Hisao Kushi, another alum, is a co-founder and Chief Legal Officer of Peloton. After receiving a B.A. in English, he pursued a law degree, giving him a solid foundation to work in a variety of business settings. As a result, he served as general counsel to major corporations like Ticketmaster,, and Evite. Eventually, he and several other co-founders started Peloton, which has grown to become the biggest interactive fitness platform available on the market today.


To serve the large student population, UMass Amherst has an equally large cohort of faculty, with over 1,400 full-time instructional faculty members. About 95% hold doctorates or the highest degree conferred in their field, so students can trust that they will be learning from the best. 

Additionally, UMass Amherst has been the home to many notable faculty who have received significant accolades from their peers and are at the top of their fields. For example, Vernon Lomax Smith, who received the 2002 Nobel Prize in Economic Sciences, started his academic career at UMass Amherst. Likewise, Joseph Taylor Jr., another Nobel Prize winner in physics and winner of the Albert Einstein Medal, is an astrophysicist who taught at UMass Amherst for many years after leaving a research position at Harvard. Eventually, he became the Associate Director of the Five Colleges Radio Astronomy Observatory, where he collaborated on ground-breaking astronomical research with colleagues from other colleges in the region.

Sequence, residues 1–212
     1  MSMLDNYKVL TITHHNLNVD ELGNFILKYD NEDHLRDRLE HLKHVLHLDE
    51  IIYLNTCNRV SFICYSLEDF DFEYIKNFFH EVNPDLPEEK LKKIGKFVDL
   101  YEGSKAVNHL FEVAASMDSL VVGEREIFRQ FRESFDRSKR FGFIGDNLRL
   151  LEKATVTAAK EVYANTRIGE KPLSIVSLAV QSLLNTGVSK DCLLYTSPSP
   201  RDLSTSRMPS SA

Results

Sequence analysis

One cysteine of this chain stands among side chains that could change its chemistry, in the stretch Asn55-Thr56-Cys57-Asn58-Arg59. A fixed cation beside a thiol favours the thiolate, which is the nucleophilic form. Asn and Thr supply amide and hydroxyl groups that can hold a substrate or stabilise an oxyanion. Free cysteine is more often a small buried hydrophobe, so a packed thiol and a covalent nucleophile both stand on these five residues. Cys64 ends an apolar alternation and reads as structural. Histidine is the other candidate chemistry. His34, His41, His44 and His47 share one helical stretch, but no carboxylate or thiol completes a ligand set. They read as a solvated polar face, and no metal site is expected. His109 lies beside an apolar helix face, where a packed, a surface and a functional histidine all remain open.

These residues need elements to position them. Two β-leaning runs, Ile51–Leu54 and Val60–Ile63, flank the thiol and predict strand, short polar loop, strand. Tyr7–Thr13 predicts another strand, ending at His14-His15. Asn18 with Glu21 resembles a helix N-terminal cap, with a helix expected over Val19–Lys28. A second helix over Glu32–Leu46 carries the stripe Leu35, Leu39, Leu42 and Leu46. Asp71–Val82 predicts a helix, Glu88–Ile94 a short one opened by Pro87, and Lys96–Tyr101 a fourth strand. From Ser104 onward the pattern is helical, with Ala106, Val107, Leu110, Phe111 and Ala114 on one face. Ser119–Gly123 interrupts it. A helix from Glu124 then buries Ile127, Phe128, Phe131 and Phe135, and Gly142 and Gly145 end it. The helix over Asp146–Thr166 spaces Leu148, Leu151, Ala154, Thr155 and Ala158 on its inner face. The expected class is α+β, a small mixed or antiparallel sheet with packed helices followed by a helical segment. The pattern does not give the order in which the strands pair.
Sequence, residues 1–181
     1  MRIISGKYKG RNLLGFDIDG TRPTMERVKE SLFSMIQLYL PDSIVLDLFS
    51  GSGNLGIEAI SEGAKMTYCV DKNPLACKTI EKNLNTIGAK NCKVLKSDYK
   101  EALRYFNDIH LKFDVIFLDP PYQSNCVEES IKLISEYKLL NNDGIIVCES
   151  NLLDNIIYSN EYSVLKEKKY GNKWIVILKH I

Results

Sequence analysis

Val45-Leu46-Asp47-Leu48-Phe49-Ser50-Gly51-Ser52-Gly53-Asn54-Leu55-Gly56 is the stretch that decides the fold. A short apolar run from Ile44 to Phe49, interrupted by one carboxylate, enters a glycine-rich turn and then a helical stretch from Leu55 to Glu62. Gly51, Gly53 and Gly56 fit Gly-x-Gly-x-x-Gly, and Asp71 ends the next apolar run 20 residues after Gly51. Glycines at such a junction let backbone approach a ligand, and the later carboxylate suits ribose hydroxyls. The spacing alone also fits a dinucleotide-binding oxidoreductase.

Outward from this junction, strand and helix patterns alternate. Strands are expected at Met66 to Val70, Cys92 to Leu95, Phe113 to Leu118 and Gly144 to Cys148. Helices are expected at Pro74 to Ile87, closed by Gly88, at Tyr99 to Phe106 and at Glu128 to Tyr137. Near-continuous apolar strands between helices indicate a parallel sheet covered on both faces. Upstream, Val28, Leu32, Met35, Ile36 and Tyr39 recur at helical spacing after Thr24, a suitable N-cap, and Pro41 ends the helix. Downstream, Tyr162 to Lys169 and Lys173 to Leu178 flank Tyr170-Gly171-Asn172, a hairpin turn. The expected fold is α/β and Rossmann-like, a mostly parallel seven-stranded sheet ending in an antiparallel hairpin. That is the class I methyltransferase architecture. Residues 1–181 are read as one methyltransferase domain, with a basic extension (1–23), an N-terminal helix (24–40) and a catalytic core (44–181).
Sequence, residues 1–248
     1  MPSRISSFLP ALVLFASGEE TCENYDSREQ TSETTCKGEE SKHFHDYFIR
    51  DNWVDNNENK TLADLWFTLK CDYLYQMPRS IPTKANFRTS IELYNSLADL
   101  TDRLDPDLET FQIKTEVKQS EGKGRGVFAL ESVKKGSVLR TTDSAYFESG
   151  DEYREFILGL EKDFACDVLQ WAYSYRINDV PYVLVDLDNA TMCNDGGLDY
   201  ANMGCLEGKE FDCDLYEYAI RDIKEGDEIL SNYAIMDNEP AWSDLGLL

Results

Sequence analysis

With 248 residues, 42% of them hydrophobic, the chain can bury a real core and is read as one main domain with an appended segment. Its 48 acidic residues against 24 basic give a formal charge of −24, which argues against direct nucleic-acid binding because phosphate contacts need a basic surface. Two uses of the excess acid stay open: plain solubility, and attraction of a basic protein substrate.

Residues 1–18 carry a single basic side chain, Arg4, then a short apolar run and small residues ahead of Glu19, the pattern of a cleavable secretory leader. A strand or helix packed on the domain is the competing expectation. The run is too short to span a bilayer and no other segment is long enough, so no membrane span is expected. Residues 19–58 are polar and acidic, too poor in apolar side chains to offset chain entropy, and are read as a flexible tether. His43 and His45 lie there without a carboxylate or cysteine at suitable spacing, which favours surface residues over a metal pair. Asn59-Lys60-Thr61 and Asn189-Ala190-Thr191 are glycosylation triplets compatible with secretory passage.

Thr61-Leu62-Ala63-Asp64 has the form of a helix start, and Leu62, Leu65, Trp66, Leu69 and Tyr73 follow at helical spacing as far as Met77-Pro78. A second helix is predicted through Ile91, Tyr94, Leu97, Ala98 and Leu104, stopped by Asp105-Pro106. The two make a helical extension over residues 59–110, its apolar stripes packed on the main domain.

However, UMass Amherst’s notable faculty members include those in the arts and humanities, too. Dr. Christian Gerard Appy, for example, is one of the country’s leading experts on the Vietnam War and has written several books on the subject. He studies the impacts that the war has made on American politics but also on cultural norms and foreign policy. In a similar vein, Professor Martin Espada teaches poetry and has received many prestigious honors for his writings, including an Academy of American Poets Fellowship, an International Latino Book Award, an American Book Award. He brings his passion for activism through the written word to the UMass Amherst students. 

Similar Schools & Ranking